Queenstown ratepayers may end up millions out of pocket from a foul-up at Frankton’s failed Five Mile development.
Queenstown Lakes District Council has spent $700,000 developing two sports fields near “Hendo’s Hole”, Five Mile’s intended underground carpark.
The council was originally going to get ownership of the 2.3ha sports fields site in a straight land swap with Five Mile developer Dave Henderson.
But his company failed to get its lender’s consent and when Five Mile went bust, receivers rejected the swap – leaving QLDC unable to secure the site.
In November last year, Aucklander Tony Gapes became the sports fields’ new owner when he bought part of Five Mile. Gapes says a “heads of agreement” between himself and QLDC requires the two parties to thrash out a deal by the end of this year for the council to buy the sports ground.
Potential elements of a deal might include land swaps, QLDC letting Gapes off development levies, or cash changing hands, he adds. But the heads of agreement is “very wide”, Gapes admits.
Gapes says he can’t put together a sports field deal until the shape of his own development is finalised.
The sports ground site’s commercial value is $6 million to $7m but Gapes says it’s “considerably less” as there are no longer any development rights attached to it.
It also acts as an emergency stormwater detention pond.
Mayor Clive Geddes says ex-QLDC boss Duncan Field worked on the Henderson deal but it wasn’t his fault $700,000 was spent developing land not legally owned.
“There was a high level of confidence in [Henderson] proceeding with the project. [But] within a few months it became evident he’d lost the confidence of his bankers.”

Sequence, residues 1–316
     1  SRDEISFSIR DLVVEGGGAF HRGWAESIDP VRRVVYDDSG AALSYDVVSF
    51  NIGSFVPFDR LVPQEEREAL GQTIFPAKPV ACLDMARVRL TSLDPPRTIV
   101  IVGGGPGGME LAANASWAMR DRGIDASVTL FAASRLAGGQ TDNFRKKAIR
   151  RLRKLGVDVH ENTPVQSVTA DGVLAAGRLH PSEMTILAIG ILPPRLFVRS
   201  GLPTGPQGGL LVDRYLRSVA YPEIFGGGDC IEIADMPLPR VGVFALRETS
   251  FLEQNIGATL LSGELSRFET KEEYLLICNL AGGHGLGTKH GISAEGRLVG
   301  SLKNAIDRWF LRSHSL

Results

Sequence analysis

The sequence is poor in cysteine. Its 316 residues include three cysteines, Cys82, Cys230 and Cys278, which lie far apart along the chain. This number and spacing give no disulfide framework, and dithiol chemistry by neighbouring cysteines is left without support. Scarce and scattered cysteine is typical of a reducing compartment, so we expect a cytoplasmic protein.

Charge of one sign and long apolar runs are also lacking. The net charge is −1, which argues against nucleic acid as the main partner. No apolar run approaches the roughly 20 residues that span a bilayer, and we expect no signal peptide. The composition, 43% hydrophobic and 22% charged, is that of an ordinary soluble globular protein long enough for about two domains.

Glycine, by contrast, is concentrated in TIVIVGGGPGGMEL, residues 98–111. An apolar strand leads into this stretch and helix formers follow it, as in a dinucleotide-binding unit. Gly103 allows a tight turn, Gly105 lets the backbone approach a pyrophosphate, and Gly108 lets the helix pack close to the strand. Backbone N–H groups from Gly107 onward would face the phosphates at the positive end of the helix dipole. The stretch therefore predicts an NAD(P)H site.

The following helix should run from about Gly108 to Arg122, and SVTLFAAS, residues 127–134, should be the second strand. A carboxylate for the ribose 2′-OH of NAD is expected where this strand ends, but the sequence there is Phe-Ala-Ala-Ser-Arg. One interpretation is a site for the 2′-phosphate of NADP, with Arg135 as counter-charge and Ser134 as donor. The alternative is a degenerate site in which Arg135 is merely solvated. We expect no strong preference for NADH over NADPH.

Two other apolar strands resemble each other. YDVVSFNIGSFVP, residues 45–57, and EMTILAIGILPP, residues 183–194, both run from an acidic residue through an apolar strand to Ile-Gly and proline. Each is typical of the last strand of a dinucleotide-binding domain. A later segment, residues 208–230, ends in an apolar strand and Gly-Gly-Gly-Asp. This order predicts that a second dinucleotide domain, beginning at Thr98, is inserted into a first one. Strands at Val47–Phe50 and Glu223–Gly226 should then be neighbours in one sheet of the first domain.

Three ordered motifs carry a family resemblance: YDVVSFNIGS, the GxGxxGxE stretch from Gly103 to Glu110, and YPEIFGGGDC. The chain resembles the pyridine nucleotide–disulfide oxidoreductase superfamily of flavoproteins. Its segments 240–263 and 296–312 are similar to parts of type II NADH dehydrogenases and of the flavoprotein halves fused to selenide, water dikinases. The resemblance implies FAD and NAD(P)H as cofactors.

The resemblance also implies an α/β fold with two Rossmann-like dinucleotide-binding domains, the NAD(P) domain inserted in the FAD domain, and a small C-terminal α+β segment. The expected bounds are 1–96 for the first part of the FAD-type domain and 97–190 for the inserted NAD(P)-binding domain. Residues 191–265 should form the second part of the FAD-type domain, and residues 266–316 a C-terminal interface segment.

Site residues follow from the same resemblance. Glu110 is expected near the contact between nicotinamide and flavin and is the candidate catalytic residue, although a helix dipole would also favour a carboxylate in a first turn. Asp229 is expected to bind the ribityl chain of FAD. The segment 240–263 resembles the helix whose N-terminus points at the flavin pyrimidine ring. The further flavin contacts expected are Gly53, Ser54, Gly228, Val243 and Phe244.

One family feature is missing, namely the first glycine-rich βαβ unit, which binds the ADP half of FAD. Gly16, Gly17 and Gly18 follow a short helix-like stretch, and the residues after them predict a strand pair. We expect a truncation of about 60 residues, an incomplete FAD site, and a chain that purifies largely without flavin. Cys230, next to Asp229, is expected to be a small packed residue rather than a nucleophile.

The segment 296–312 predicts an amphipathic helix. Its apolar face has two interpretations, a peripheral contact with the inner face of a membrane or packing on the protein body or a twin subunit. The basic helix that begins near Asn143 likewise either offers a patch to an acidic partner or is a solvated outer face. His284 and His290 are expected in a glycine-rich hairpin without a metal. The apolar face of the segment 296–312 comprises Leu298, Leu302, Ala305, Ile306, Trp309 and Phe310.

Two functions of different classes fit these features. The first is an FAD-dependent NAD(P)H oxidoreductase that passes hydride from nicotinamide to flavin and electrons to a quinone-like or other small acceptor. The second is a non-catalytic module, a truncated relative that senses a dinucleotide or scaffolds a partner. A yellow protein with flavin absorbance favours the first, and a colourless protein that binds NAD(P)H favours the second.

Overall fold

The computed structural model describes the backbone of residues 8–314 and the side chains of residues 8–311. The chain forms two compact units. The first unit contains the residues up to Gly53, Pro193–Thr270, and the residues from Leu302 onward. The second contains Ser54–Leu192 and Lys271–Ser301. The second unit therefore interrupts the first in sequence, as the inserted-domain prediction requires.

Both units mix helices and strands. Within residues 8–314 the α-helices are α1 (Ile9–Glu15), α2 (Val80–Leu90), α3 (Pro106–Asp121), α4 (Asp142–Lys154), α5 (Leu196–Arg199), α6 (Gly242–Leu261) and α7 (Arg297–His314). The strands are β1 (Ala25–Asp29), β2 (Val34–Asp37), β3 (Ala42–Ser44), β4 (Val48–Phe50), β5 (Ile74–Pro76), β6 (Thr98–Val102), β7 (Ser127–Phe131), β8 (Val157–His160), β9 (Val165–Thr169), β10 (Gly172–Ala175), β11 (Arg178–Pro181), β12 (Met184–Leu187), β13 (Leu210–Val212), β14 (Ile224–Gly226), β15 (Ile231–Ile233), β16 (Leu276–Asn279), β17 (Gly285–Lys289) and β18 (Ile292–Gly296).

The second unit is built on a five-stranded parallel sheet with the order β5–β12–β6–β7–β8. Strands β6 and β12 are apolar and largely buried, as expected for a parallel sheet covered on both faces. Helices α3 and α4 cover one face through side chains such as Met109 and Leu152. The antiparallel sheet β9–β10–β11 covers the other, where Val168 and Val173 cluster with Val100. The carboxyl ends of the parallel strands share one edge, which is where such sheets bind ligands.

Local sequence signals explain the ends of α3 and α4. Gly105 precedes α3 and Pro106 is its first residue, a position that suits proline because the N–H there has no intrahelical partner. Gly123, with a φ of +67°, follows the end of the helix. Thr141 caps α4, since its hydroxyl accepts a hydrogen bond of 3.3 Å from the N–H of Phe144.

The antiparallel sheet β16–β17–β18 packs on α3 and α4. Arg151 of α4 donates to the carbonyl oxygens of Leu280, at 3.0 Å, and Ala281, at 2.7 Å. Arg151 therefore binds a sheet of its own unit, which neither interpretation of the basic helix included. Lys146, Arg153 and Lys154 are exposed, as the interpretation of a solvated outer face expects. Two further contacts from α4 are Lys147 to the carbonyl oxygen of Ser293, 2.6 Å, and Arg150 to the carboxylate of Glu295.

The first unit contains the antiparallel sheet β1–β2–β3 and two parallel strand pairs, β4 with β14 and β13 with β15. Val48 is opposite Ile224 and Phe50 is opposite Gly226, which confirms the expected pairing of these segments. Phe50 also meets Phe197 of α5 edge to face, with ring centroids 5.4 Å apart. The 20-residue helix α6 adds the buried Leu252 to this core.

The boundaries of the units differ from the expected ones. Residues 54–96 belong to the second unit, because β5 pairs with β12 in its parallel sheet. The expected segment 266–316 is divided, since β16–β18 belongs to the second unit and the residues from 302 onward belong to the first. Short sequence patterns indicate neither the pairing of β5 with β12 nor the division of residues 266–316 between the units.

Geddes concedes Gapes may get a “significant” amount off development levies but securing the sports fields is worth it.
Councillor and mayoral candidate Vanessa van Uden says QLDC was “very unwise” to plough $700,000 into developing land it didn’t own.
“Until the [final] deal’s done, we actually have no idea how much cash is going to change hands.”
It’s understood nothing is budgeted in the new annual plan.
“It sounds like we could maybe end up with the most expensive sports field in New Zealand,” Van
Chamber of Commerce president Alastair Porter says it “shows a level of commercial naivete that’s unacceptable”.
“People at QLDC need to have adequate commercial expertise to undertake a transaction of this scale.”
For the record:
Development levies - Developers are charged by the Queenstown council for contributions towards reserves, water supply, sewage disposal, roading and sometimes stormwater, according to size, nature and value of their projects.
Land swap - Two parties exchange parcels of land of equal size and/or value.